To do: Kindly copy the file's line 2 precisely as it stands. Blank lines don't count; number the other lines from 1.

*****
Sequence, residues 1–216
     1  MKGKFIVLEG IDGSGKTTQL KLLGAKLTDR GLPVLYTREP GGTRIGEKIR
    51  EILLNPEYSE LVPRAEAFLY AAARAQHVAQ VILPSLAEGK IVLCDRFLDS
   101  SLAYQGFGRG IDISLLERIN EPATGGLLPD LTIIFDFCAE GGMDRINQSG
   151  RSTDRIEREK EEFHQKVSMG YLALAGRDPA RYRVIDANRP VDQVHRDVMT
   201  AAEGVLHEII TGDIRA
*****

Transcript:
     1  MKGKFIVLEG IDGSGKTTQL KLLGAKLTDR GLPVLYTREP GGTRIGEKIR